Robots groomed for cutting role in delicate surgery

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Science Correspondent

A British team of surgeons and engineers has developed robots for prostate and knee surgery which they say work "as well as the best surgeon on his best day, every day". But one of the key developers of the new systems yesterday criticised government changes which have made it almost impossible to get public funding for the groundbreaking work.

All of the project's early work had to be funded by medical charities because "we fell between the many stools" of science funding, said Dr Brian Davies, of Imperial College's mechatronics in medicine group, who helped develop the system. The Medical Research Council said it involved too much engineering to qualify for a grant, while a science council rejected it because there was "no novel science involved".

The first of the systems, dubbed "Probot", has now been used at Guy's Hospital in London for prostate surgery on 12 patients in the past four months. The surgery is a two-stage process. First, the pieces of prostate requiring removal are identified by the surgeon, using an ultrasound probe inserted up the penis. These points are recorded by a computer attached to the robot.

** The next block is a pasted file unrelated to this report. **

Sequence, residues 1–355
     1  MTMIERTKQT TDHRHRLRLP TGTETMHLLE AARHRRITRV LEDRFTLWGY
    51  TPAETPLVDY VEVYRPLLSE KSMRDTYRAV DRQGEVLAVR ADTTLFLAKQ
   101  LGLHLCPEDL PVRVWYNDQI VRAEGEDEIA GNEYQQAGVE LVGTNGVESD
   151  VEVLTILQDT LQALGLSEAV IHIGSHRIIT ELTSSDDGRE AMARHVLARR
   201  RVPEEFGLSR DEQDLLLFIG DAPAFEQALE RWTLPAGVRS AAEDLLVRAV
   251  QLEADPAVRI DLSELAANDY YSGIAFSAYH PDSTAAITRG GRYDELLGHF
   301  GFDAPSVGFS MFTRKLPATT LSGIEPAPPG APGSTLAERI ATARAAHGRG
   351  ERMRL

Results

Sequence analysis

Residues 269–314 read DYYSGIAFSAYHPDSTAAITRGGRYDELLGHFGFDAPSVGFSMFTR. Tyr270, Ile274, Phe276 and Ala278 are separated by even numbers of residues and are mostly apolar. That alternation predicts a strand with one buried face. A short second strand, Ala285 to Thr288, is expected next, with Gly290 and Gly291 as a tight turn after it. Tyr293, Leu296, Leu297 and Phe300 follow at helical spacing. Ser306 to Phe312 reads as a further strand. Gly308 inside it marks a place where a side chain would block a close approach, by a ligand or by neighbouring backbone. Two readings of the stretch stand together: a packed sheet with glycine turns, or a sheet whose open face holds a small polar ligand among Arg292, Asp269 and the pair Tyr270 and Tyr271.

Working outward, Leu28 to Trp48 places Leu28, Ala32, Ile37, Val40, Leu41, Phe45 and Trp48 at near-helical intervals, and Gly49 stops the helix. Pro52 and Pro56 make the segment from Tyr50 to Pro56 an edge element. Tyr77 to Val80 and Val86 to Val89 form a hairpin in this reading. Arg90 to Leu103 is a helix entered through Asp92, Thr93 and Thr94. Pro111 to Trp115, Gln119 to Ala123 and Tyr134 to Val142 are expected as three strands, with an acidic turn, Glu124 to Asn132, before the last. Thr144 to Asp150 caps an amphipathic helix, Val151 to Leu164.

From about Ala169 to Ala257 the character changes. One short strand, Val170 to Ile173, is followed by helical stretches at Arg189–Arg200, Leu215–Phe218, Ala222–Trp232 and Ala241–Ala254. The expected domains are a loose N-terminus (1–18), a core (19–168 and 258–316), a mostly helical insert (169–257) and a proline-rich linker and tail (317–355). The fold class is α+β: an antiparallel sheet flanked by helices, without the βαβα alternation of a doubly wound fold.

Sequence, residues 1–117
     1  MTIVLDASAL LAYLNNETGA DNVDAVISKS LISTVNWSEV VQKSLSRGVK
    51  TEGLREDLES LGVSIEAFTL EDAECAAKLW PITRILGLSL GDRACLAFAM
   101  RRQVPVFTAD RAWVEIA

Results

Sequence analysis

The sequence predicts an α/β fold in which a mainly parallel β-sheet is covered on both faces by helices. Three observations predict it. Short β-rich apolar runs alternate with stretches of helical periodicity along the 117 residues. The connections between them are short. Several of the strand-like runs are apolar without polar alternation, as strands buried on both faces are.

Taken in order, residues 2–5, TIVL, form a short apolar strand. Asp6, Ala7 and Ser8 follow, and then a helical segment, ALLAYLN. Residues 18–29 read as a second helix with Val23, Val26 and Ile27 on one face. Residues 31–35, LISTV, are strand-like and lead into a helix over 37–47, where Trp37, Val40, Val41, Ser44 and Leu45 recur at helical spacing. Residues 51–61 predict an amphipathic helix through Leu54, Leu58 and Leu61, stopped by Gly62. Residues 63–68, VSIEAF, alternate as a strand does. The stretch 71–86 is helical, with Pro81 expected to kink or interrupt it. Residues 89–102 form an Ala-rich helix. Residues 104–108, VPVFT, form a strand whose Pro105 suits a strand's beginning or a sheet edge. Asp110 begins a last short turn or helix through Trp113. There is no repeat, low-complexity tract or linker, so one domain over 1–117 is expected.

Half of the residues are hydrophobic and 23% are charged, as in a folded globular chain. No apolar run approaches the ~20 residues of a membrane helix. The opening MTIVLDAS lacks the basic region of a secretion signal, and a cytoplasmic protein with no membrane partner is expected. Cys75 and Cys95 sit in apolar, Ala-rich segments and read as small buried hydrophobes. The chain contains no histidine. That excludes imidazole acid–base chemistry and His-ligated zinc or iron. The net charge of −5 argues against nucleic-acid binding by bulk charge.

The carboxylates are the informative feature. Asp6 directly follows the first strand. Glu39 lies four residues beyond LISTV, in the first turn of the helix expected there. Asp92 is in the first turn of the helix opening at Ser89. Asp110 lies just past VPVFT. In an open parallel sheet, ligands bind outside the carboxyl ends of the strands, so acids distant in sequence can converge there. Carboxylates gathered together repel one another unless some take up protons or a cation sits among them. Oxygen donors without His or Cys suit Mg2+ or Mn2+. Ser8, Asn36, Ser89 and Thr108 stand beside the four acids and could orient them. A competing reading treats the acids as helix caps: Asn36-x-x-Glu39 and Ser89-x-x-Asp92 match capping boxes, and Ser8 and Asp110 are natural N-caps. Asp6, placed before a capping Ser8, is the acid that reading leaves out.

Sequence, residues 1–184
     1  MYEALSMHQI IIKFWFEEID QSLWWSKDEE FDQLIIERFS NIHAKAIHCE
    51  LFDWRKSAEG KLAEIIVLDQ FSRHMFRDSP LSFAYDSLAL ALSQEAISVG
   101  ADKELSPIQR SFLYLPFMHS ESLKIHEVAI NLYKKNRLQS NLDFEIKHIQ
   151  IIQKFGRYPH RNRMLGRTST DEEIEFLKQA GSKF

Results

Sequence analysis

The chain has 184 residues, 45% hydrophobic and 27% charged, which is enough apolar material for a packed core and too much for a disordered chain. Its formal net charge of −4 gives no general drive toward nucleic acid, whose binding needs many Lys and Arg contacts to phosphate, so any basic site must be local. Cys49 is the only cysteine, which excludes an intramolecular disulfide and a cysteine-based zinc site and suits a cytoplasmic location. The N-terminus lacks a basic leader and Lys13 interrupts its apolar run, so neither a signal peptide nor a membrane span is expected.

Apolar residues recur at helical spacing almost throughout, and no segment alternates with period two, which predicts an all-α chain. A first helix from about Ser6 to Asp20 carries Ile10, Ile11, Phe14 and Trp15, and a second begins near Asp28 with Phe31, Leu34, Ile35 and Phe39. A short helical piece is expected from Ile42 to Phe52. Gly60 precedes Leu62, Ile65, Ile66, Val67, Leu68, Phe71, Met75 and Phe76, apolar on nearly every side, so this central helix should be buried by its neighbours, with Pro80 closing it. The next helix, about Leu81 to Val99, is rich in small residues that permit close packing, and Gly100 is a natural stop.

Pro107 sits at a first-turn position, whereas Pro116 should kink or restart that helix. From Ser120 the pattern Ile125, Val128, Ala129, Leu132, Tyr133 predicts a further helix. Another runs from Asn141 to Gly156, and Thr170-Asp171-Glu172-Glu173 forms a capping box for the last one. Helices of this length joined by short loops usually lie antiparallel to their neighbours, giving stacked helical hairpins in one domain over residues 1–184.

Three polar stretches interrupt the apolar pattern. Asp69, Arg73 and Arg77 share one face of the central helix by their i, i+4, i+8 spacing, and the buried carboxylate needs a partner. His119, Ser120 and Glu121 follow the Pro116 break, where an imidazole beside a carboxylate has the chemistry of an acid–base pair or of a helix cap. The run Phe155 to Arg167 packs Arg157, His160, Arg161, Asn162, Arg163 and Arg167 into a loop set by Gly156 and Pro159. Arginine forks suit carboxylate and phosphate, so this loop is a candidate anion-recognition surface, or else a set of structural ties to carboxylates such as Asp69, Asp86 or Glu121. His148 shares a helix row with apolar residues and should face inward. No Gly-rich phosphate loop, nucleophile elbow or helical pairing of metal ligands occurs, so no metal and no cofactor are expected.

Next, a heated roller like a tiny ballpoint pen is inserted, using a robot arm connected to the computer. The tissue is removed as the computer moves the robot arm and activates the heating element as required. This process takes about 15 minutes.

The second system, called Acrobot - for "active constrained robot" - will be used on knees in which the knee ends of bones of the thigh and lower leg have degenerated due to arthritis or sports injuries. These ends are usually replaced with metal implants. At present, the surgeon uses a cutter to trim the bone ends. The Acrobot will hold the cutter, which will be controlled by the doctor, but it will be programmed to allow movement only within a predefined space. This will prevent the cutter moving into areas where it might damage soft tissue such as ligaments and tendons.

However, Dr Davies said that getting funding had been a significant problem for the project, which began in 1989. Appeals to the Physical Sciences Research Council, Medical Research Council and National Health Service's research and development arm proved fruitless. "In the end we were funded from the start by charities, though there was some research council money towards the end - but only for the laboratory work rather than the clinical trials." However, the Department of Health is funding the Acrobot, which is due to be used on patients next year.

The funding barrier exists even though thousands of knee and prostate operations are carried out every year. But the team believes using robots could mean that patients suffer less damage to healthy tissues - reducing the time required in hospital - and that the operations can be performed faster.